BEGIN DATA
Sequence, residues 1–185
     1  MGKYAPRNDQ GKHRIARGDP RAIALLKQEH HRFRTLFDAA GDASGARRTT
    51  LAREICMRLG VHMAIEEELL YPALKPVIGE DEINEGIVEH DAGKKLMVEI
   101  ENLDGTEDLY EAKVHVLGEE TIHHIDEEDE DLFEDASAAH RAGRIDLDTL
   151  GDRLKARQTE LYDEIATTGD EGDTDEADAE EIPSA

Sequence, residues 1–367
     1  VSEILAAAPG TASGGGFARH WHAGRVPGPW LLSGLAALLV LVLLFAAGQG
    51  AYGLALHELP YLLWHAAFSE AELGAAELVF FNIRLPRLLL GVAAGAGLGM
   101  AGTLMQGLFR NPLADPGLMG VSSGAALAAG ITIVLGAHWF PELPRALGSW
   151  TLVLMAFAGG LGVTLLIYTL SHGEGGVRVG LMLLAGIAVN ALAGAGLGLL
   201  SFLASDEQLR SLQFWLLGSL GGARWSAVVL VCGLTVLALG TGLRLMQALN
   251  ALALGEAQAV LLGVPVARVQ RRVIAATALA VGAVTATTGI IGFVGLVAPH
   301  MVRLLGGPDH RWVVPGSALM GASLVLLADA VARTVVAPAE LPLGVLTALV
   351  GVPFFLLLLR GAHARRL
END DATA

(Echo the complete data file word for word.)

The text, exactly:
Sequence, residues 1–185
     1  MGKYAPRNDQ GKHRIARGDP RAIALLKQEH HRFRTLFDAA GDASGARRTT
    51  LAREICMRLG VHMAIEEELL YPALKPVIGE DEINEGIVEH DAGKKLMVEI
   101  ENLDGTEDLY EAKVHVLGEE TIHHIDEEDE DLFEDASAAH RAGRIDLDTL
   151  GDRLKARQTE LYDEIATTGD EGDTDEADAE EIPSA

Sequence, residues 1–367
     1  VSEILAAAPG TASGGGFARH WHAGRVPGPW LLSGLAALLV LVLLFAAGQG
    51  AYGLALHELP YLLWHAAFSE AELGAAELVF FNIRLPRLLL GVAAGAGLGM
   101  AGTLMQGLFR NPLADPGLMG VSSGAALAAG ITIVLGAHWF PELPRALGSW
   151  TLVLMAFAGG LGVTLLIYTL SHGEGGVRVG LMLLAGIAVN ALAGAGLGLL
   201  SFLASDEQLR SLQFWLLGSL GGARWSAVVL VCGLTVLALG TGLRLMQALN
   251  ALALGEAQAV LLGVPVARVQ RRVIAATALA VGAVTATTGI IGFVGLVAPH
   301  MVRLLGGPDH RWVVPGSALM GASLVLLADA VARTVVAPAE LPLGVLTALV
   351  GVPFFLLLLR GAHARRL